Wednesday, May 29

Faux Roman shade

I love the look of a Roman shade, don't you?  Such a wonderful way to add a burst of pattern and color without the busy lines of some window treatments.

Years ago I created a method for making no-sew faux Roman shades.  With hundreds of thousands of views, that tutorial is my most popular post of all time.

I've been in a mood for change, though, so I wanted to replace the dark fabric with something lighter and brighter.  But I had a couple of problems:
  1. This window faces west, and light fabrics let too much light through to look good, even when doubled.
  2. This window is 57 inches wide, so even extra-wide fabrics didn't quite cover the whole space.
The nice lady at the fabric store suggested that I line the shades with black-out liner.  This was a very logical suggestion, and it would have worked well for the nice lady at the fabric store, who is an expert seamstress.

I am not an expert seamstress.  I have never been able to get the lining of anything to lie flat.  So that option wouldn't work.  I tried to glue the liner to the shade, but that didn't work well, either.  Still couldn't get that thing to lie flat.  All I got was a bunched-up mess.

As I stood there surveying my bunched-up mess, I said to myself, "If only there were some way just to get the liner to cover the window without having to attach it to the shade."

Tip for using lightweight fabric to create a faux Roman shade, staple blackout fabric directly to window behind the shade.

Then the light bulb turned on.  I cut a small piece of black-out liner to cover the top of each window and simply stapled them in place.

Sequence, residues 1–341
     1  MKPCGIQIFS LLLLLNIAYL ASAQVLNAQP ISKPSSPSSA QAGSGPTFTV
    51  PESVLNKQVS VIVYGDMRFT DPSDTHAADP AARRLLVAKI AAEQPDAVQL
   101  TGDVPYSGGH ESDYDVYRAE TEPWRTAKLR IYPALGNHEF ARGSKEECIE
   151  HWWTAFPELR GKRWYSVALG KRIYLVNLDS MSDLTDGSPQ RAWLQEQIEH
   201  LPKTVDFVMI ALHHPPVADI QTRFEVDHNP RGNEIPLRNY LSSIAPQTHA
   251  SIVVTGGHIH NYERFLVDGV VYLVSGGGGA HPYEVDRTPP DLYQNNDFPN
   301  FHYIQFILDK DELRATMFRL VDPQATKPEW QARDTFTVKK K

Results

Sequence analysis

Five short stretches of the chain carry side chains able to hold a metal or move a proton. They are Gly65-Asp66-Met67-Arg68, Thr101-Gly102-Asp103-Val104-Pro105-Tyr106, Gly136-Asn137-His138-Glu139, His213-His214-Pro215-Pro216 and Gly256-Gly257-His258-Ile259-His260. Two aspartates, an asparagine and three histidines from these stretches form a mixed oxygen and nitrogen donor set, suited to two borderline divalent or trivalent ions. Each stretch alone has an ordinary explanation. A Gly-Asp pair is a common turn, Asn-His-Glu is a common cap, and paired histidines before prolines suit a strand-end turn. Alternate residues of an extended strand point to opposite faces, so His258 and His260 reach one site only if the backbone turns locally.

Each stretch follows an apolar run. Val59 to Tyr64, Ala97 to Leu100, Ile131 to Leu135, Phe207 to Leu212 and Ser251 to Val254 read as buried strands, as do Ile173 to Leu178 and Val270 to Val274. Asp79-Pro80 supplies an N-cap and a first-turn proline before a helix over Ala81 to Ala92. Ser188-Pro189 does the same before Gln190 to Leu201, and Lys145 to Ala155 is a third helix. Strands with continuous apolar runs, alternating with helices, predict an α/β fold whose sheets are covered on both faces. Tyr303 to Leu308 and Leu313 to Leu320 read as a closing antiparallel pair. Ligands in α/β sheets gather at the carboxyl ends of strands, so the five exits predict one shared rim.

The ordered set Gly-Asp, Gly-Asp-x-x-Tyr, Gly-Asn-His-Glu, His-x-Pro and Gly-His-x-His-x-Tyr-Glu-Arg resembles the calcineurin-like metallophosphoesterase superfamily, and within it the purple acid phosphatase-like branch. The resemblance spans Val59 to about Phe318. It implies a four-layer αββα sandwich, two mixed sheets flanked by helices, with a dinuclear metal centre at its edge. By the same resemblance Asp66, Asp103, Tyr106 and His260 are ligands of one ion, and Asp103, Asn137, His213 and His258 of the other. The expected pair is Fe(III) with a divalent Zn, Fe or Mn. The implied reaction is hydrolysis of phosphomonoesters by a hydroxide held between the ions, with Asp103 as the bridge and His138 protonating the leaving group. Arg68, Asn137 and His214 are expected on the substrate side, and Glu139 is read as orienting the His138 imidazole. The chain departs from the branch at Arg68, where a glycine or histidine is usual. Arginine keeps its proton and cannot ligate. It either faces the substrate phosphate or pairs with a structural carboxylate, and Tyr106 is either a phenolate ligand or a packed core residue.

Couldn't have been easier.

Using blackout fabric behind a faux Roman shade ensures that light doesn't show through the shade

The lining panels are completely hidden behind the shade.  They just quietly hang there and do their job.  I may write them a love song.

Now for the second problem!  Once lining issue was solved, I was free to use any fabric I liked, but I still had the challenge of the extra-wide windows.

Then I ran across the Kavita tablecloth from World Market.  The colors were exactly what I wanted, and best of all it was 60 inches wide.  More than enough for my window!

I bought the 60"x120" tablecloth and followed my own tutorial to create a new Roman shade. (It uses a secret tool: the oval tension rod!)  I'm so happy with the way it turned out.

Tutorial for making a faux Roman shade using fabric and tension rods

I especially like the way the pattern of the tablecloth provides interest on each side.  I was simply careful to hang the shade so that the design is centered on the window.

A brand-new look for my kitchen window for a little bit of time and less than $40.00.  I'm so happy with it!

What do you think?  See any tablecloth-cum-Roman-shades in your future?

I'm joining these great parties:
Weekend Bloggy Reading at Serenity Now

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  1. Oh I love it and your fabric is gorgeous. Thanks so much for joining Inspire Me. Hugs, Marty